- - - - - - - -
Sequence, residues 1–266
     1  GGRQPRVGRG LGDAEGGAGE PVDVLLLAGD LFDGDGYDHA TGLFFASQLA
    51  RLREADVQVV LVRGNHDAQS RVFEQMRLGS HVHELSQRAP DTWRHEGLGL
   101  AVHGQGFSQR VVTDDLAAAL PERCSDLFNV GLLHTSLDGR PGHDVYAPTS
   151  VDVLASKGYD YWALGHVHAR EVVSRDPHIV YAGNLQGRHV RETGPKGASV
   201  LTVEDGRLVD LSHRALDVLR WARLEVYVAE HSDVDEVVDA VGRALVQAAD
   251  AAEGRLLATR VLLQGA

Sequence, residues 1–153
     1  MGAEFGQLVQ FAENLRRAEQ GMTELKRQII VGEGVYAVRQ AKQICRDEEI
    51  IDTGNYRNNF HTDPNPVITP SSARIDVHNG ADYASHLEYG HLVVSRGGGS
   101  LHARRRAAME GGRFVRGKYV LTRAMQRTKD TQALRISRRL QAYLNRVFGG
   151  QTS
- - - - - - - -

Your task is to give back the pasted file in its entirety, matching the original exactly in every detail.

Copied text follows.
Sequence, residues 1–266
     1  GGRQPRVGRG LGDAEGGAGE PVDVLLLAGD LFDGDGYDHA TGLFFASQLA
    51  RLREADVQVV LVRGNHDAQS RVFEQMRLGS HVHELSQRAP DTWRHEGLGL
   101  AVHGQGFSQR VVTDDLAAAL PERCSDLFNV GLLHTSLDGR PGHDVYAPTS
   151  VDVLASKGYD YWALGHVHAR EVVSRDPHIV YAGNLQGRHV RETGPKGASV
   201  LTVEDGRLVD LSHRALDVLR WARLEVYVAE HSDVDEVVDA VGRALVQAAD
   251  AAEGRLLATR VLLQGA

Sequence, residues 1–153
     1  MGAEFGQLVQ FAENLRRAEQ GMTELKRQII VGEGVYAVRQ AKQICRDEEI
    51  IDTGNYRNNF HTDPNPVITP SSARIDVHNG ADYASHLEYG HLVVSRGGGS
   101  LHARRRAAME GGRFVRGKYV LTRAMQRTKD TQALRISRRL QAYLNRVFGG
   151  QTS